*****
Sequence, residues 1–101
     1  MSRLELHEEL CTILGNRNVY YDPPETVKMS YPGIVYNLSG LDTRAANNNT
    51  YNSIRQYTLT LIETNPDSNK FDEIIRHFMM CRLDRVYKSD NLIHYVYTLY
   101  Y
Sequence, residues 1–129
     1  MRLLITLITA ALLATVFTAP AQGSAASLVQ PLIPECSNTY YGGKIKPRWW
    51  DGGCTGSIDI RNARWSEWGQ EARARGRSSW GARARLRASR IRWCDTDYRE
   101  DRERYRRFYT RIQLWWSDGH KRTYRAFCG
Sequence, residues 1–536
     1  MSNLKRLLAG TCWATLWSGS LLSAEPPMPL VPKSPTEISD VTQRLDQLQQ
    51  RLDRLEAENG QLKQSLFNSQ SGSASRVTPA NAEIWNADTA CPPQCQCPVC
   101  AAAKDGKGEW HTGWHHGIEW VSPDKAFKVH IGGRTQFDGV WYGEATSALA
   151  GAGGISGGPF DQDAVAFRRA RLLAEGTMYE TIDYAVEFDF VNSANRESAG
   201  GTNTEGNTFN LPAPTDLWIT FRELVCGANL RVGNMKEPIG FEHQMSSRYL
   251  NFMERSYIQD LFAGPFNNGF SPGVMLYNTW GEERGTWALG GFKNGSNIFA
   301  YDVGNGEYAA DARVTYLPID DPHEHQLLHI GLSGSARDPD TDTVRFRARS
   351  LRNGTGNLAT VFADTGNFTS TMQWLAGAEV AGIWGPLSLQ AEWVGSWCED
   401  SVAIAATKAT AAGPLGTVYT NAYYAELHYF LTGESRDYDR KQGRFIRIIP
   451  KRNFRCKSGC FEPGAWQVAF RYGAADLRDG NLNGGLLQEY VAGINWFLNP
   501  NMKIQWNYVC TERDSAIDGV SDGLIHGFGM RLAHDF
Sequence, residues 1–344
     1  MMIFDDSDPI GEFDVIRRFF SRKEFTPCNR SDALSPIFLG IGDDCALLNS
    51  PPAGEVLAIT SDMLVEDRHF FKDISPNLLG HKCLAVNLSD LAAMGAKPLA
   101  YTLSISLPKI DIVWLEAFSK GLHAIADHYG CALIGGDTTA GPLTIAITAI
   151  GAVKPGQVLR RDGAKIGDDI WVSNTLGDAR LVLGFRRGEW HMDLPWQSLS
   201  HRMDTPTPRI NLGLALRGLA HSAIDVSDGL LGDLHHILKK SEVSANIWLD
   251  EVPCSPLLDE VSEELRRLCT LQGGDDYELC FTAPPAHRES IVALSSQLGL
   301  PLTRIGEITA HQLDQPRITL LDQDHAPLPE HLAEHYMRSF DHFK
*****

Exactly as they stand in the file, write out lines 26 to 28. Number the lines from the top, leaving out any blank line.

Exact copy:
   201  HRMDTPTPRI NLGLALRGLA HSAIDVSDGL LGDLHHILKK SEVSANIWLD
   251  EVPCSPLLDE VSEELRRLCT LQGGDDYELC FTAPPAHRES IVALSSQLGL
   301  PLTRIGEITA HQLDQPRITL LDQDHAPLPE HLAEHYMRSF DHFK